[ 39 ] At the Hearing, the Applicant reiterated these arguments to illustrate the differences between Ye il and the claimed invention.

[ 40 ] The Applicant also acknowledged that the practice of cancelling an order at retailers was known and accepted that cancelling orders is an aspect of retailing. However, the Applicant emphasized that claims 33-43 and claims 60-67 are not reciting order cancellation, but rather "displaying an indication that the order for the item that is requested can be cancelled within a time interval." The Applicant stated that this indication is displayed alongside the single action ordering indication and it is useful because impulse purchasers can be reassured that they have the option to cancel within a certain time period, even though there is no checkout review. The Applicant said that Ye il does not say anything about a cancel option or an indication for order cancellation.

Legal Principles - Obviousness

The question

[ 41 ] A test for obviousness was established by the Federal Court of Appeal in Beloit Canada Ltd. v. Valmet Oy (1986), 8 C.P.R. (3d) 289 (F.C.A.), at 294 [Beloit]:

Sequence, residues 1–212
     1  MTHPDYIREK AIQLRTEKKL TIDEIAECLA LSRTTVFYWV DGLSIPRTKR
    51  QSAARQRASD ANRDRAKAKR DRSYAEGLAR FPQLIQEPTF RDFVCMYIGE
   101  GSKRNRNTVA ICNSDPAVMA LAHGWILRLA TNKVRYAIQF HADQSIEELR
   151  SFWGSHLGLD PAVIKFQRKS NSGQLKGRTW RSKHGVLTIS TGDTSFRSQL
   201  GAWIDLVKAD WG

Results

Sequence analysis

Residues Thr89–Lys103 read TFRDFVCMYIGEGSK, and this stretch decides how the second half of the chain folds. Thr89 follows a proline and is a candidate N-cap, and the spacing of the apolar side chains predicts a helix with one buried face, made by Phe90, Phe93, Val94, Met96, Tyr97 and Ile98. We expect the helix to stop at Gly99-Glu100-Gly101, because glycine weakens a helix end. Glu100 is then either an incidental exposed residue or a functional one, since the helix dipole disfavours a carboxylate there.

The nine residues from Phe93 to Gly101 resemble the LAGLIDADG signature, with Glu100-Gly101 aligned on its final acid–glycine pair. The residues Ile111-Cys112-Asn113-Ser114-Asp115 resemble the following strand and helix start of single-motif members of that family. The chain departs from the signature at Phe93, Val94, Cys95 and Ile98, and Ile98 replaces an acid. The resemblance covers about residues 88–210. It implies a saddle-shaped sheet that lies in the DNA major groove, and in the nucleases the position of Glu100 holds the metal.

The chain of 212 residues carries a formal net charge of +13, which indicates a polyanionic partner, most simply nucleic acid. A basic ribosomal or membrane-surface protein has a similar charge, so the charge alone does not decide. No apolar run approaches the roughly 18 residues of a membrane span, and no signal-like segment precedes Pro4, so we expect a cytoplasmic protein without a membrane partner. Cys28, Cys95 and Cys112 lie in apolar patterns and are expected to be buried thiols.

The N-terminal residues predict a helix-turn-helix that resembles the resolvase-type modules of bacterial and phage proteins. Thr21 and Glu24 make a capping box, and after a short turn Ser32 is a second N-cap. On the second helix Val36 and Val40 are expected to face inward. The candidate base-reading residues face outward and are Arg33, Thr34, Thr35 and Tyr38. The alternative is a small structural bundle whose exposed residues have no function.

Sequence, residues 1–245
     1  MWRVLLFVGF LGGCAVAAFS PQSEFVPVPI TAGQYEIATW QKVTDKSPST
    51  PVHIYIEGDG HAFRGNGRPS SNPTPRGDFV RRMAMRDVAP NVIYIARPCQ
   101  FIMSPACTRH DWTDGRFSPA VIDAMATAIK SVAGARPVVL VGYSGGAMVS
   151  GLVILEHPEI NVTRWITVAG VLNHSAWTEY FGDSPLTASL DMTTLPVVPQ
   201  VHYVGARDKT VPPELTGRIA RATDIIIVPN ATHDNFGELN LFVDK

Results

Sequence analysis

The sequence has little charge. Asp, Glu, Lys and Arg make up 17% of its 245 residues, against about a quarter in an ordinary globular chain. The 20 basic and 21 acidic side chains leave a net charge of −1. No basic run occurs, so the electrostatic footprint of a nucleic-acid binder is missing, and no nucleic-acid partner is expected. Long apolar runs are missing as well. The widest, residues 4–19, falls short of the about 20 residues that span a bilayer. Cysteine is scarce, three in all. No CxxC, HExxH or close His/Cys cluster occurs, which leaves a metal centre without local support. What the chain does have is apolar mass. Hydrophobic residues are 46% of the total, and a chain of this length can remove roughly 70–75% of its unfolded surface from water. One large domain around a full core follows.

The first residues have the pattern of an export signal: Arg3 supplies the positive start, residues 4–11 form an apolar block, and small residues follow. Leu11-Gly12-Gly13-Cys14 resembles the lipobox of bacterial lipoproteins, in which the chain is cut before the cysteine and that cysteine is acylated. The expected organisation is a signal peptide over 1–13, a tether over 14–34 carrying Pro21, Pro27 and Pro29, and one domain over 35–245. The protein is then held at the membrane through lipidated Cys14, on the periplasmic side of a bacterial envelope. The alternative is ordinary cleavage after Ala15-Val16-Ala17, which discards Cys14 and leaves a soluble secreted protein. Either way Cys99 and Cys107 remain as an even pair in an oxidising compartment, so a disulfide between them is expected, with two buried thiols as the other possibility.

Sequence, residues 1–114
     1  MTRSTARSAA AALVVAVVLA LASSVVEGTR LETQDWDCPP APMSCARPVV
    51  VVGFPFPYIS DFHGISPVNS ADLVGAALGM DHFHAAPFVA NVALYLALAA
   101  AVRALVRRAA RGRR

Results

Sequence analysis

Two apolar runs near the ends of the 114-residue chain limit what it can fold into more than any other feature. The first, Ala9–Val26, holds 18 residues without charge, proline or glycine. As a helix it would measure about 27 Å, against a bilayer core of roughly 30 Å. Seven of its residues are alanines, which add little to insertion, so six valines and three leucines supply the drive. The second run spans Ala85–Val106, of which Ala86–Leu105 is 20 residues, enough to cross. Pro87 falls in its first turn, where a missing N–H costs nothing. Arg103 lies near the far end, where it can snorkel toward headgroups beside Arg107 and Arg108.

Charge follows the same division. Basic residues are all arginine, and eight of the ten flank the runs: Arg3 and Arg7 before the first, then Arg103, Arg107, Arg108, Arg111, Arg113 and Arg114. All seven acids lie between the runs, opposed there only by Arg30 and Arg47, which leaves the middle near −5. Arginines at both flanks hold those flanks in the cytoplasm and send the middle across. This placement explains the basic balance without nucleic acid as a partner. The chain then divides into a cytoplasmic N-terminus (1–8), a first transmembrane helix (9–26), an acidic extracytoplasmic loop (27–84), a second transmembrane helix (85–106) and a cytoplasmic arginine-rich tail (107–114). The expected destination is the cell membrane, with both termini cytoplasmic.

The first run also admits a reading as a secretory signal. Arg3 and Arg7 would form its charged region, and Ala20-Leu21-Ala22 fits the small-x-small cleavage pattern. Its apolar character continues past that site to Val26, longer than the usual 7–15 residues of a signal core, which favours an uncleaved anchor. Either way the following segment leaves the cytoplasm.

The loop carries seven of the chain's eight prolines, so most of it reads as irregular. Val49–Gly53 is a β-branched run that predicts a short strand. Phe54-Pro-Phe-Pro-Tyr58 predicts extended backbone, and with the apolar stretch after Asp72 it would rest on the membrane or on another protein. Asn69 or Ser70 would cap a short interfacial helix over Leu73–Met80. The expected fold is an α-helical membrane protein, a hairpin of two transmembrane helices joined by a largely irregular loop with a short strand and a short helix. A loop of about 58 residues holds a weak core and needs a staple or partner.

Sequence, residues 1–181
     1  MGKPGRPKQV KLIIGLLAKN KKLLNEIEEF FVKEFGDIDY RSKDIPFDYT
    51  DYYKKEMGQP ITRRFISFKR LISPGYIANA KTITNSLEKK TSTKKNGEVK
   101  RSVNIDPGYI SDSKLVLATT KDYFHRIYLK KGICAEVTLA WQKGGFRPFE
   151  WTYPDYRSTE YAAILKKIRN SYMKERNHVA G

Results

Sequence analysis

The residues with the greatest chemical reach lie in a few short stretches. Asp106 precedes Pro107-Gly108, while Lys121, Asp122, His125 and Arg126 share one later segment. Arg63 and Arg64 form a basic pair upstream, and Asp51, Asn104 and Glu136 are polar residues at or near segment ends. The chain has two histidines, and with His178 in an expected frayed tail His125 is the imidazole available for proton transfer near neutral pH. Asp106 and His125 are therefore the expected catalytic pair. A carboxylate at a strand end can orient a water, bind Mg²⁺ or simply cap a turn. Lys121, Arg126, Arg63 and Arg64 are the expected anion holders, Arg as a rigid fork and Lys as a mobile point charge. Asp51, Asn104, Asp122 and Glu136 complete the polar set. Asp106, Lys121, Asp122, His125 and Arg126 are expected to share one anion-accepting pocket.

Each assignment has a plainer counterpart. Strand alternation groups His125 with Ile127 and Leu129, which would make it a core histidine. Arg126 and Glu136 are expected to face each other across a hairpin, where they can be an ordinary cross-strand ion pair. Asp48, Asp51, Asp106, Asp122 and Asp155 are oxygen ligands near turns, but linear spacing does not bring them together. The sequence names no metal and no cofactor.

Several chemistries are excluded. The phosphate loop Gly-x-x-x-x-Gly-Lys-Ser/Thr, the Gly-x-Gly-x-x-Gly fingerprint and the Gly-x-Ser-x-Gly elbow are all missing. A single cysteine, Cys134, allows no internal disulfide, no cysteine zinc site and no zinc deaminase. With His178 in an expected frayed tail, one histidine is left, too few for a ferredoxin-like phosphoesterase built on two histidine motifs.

The test for obviousness is not to ask what competent inventors did or would have done to solve the problem. Inventors are by definition inventive. . . . The question to be asked is whether this mythical creature . . . would . . . have come directly and without difficulty to the solution taught by the patent.

Thus, a test for obviousness can ask what the "technician skilled in the art" would have done to solve the problem.

[ 42 ] Recently, in Apotex Inc. v. Sanofi-Synthelabo Canada Inc., 2008 SCC 61, 69 CPR (4th) 251, at paragraph 62 [Sanofi], Rothstein J. had this to say about the Beloit test:

[62] I do not think that Hugessen J.A. in Beloit intended that the rather colourful description of obviousness that he coined be applied in an acontextual manner applicable to all classes of claims.

The Supreme Court of Canada further set out a four-step approach for assessing obviousness which will be discussed in the analysis.

[ 43 ] There is some risk that the test in Beloit may end up in a quest for anticipation. In Janssen-Ortho Inc. v. Novopharm Ltd., 2006 FC 1234, 57 C.P.R. (4th) 6, affirmed 2007 FCA 217, 59 CPR (4th) 116, paragraphs 111-113 [Janssen], before setting forth tests and criteria applicable to the question of obviousness, Hughes J. had this to say about the Beloit test [emphasis added]: